Every actor worth his salt seems determined to play a dada or a rowdy working for such a dada in atleast one movie.
Sena finds Satyaraj donning the role of the loyal rowdy who finds his loyalties split between his boss and his
friends. Repetitive proceedings and an extremely high body count result in rather tough viewing. Sena is not
likely to occupy a high perch in the list of rowdies we have seen in Tamil cinema recently.
Sena(Satyaraj) took to rowdyism as a young boy in order to feed his brother Vikram. Mastan Bhai(Anandraj) took Sena under his
wing and helped him send his brother abroad for higher studies. For this Sena is always indebted to Mastan Bhai. Sena is close
to Satya, an honest policeman, and when Satya steps on Mastan Bhai's toes once too often, Bhai has him killed. But this angers
Vikram, who vows to bring Satya's killers and Mastan Bhai himself to book.
Satyaraj's first fight with the rowdies has some nice quips that lead us to think that the character would turn out to be one
his more memorable ones. But the cleverness doesn't last long. It becomes clear within a few reels that Satyaraj is just
another rowdy with not many characteristics to make him stand out from the other similar rowdies in recent Tamil movies.
Things soon become monotonous as his friends and family urge him to leave his life of violence while he swears his loyalty
The movie illustrates the dangerous life of rowdies well with their constantly shifting loyalties and mistrust of everyone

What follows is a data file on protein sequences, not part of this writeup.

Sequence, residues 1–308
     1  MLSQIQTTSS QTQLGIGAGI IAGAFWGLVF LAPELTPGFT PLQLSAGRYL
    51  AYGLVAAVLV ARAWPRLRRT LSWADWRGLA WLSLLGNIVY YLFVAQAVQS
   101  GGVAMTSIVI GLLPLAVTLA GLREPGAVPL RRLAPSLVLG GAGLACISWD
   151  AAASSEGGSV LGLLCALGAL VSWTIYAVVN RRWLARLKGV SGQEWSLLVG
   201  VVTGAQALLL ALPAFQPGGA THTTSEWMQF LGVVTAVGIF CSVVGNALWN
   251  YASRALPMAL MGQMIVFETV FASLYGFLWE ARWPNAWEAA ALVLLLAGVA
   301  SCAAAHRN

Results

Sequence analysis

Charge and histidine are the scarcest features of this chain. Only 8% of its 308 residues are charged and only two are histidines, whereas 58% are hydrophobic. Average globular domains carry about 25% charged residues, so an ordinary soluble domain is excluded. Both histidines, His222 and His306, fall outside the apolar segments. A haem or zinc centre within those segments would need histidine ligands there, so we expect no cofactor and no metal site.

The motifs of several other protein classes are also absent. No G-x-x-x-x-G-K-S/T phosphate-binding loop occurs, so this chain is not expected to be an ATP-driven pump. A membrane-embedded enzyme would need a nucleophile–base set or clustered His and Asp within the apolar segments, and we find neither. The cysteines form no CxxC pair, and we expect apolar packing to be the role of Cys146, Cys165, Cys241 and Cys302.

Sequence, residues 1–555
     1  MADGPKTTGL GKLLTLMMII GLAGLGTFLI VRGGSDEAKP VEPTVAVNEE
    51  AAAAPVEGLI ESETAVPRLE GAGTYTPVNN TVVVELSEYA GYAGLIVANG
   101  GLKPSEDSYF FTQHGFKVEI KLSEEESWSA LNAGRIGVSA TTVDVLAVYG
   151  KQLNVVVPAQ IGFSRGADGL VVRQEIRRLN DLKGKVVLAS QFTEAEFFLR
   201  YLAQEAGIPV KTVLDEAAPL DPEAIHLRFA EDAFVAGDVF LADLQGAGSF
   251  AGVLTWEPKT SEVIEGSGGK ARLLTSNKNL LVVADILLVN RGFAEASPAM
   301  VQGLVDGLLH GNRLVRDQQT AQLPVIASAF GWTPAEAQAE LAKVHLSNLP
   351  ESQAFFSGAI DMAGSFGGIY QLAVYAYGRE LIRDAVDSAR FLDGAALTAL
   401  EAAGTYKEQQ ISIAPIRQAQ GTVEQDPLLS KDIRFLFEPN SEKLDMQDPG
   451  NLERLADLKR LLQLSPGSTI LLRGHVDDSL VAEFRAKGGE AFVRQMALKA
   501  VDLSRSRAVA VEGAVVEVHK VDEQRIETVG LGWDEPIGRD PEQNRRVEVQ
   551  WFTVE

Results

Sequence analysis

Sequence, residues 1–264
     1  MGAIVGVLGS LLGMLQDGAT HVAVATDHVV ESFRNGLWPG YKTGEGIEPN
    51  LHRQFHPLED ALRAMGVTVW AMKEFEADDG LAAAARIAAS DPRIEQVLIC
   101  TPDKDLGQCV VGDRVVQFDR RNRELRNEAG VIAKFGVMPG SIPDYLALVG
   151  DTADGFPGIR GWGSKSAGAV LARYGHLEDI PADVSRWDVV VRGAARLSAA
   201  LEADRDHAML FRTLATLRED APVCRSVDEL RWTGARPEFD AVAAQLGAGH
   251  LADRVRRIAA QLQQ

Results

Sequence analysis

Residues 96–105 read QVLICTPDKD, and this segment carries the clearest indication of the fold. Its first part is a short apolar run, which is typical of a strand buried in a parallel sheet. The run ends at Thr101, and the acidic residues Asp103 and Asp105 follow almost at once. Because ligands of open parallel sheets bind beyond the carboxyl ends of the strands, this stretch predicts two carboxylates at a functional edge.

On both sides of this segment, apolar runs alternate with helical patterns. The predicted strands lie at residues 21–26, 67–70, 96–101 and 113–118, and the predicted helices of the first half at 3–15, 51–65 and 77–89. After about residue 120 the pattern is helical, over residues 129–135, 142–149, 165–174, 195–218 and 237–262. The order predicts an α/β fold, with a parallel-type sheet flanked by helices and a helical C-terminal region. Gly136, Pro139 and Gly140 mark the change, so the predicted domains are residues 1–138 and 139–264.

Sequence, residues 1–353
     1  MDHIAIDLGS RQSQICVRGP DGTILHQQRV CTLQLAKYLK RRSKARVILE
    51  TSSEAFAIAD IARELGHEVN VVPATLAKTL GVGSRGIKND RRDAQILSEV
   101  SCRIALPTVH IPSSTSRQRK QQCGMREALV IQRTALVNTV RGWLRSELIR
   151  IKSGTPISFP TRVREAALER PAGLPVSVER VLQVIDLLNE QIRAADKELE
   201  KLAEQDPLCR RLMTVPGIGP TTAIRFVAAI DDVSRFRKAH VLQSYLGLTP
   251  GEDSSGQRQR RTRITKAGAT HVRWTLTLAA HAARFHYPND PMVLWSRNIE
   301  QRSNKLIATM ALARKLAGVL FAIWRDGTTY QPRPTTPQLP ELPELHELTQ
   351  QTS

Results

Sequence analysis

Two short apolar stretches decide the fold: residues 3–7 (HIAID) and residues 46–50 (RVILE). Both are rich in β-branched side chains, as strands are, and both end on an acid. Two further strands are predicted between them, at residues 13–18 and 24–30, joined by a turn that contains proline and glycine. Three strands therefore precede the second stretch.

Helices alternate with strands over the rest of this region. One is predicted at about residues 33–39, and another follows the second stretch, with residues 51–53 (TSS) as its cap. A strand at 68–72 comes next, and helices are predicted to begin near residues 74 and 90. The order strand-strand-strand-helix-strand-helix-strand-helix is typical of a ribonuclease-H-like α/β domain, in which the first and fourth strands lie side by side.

around them. And it doesn't limit such double crossing to the villains. Even Satyaraj plays such games as evident from
his pact with Chandrasekhar. These sequences show some thinking on the part of the director with the set up of the second
killer being especially clever.
The caption at the end of the movie makes us realise that Sena was supposed to be a lesson on the futility of violence.
While the lack of sermonizing is welcome, the path of extreme violence the movie has chosen is as much a turn off as long dialogs
would have been. The movie turns into a bloodbath as the end nears with several needless deaths. Unfortunately, the deaths seem
exploitative and don't earn our sympathy.
Satyaraj gets the chance to deliver several dialogs in his usual style and spares us any romancing since he is not paired with
any heroine. The romancing is left to Aravind and Raksha who seem to be engaged in a competition on who is the more
wooden-faced among the two (Aravind wins it quite handsomely!). Anandraj makes a nice dada but Chandrasekhar is unimpressive.
A stronger actor in his role would have helped.